[GLLUG] Charity WiFi, a bit off topic
james.dutton at gmail.com
Wed Mar 28 10:11:30 UTC 2018
On 28 March 2018 at 10:37, James Roberts via GLLUG
<gllug at mailman.lug.org.uk> wrote:
> On 27/03/18 17:14, Marco van Beek via GLLUG wrote:
>> Most of the technical requirements of the GDPR have been law since 2003.
> No that's not quite right.
> It's been in force for just under two years, but there has been a moratorium
> on enforcement which expires on the 24th of May 2018.
> The thing in force since 2003 is the Data Protection directive, which dies
> on the 25th. Much of it is similar, but there's the 'buts'
>> It's just that the fines are going up by a lot so people are finally
>> paying attention.
> Yes, but it's not just that. There's much more stringent requirements and
> there's no exclusions for small organisations (some still believe there are,
> due to a proposal in the drafts - the final issue now only excludes the
> requirement for some documentation for companies <250 employees).
>> Running an insecure network that holds personal sensitive data could be
>> considered negligent and the directors of the organisation could be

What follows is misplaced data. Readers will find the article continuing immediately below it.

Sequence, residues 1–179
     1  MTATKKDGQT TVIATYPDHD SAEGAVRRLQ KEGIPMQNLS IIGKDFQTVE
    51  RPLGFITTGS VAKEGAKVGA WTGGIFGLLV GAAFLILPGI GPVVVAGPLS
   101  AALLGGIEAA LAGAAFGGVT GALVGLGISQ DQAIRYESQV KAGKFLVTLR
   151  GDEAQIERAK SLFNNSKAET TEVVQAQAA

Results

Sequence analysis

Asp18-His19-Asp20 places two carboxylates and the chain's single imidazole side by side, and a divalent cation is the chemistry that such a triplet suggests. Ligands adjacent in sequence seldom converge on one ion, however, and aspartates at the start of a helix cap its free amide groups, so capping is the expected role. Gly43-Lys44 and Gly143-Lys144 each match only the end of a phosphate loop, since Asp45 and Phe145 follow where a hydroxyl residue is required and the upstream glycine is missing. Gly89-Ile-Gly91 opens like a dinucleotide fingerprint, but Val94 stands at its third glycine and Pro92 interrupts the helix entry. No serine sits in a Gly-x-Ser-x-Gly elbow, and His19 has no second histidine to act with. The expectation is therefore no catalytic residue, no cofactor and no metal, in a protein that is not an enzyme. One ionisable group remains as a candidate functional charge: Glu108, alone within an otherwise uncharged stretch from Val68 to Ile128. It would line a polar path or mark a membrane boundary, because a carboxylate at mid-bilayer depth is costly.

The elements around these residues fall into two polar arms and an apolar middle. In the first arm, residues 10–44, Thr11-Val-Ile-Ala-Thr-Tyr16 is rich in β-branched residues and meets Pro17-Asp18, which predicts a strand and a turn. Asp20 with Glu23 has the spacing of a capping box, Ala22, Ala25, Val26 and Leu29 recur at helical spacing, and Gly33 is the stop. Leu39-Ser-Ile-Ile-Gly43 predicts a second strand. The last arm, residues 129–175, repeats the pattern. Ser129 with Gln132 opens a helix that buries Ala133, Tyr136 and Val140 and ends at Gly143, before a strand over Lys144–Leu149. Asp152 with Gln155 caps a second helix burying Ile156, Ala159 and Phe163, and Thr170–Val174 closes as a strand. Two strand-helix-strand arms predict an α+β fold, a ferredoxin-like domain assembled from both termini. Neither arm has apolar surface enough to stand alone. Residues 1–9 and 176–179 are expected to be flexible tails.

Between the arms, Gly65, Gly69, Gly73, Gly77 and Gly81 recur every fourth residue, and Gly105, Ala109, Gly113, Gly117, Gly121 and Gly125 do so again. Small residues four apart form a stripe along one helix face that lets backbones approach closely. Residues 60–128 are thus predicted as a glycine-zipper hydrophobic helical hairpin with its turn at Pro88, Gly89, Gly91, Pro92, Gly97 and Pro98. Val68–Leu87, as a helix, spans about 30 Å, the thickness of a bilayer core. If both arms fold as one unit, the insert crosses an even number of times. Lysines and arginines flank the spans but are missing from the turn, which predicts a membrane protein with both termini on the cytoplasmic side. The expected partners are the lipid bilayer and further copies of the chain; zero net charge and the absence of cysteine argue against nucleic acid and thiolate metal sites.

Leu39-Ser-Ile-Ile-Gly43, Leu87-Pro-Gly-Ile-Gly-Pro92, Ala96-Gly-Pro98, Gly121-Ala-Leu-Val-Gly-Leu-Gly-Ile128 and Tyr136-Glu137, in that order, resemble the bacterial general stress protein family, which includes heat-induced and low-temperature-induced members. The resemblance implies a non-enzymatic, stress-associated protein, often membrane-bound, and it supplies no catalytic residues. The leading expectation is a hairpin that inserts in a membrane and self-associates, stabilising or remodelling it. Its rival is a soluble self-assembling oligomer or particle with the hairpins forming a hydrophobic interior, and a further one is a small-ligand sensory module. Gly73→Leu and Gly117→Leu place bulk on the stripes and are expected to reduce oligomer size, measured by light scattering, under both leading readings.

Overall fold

> Just so, and they will try to shift the blame to some scapegoat in IT. Or a
>> It's a bit like Y2K all over again. There are consultants out there are
>> making a small fortune out of companies that should have known better.
> Too true. There's loadsa bull, but a real issue or two, and most at the very
> SMB end don't even seem to know it.
> I'm a consultant, though just IT general, not in GDPR, but have had to bone
> up on it to save my clients/myself. No one has paid me a €cent/dime/penny to
> do so, so far...
>From the perspective of the OP.
Data protection is important.
If, by adding Wifi, you make it easier for someone to access someone
else's private data, when they should not have access to it, you WILL
be in trouble.
The way to pass the risk onto someone else, is by using a contract, or document.
You write in the document what you are going to do. I.e. Add Wifi type XYZ.
You highlight that it may have GDPR implications.
You get the other party to sign off, saying that they have taken
responsibility for any risks and will not hold you liable for any
reason, and wish you to proceed.
Then if it eventually turns out to be a GDPR problem, you can wave the
document and say that you highlighted that it might be a problem, and
they agreed to take any risk/liability associated with it.
You will therefore be protected from prosecution.
For your part, make sure you don't take any data off-site. E.g.
Network packet traces etc.
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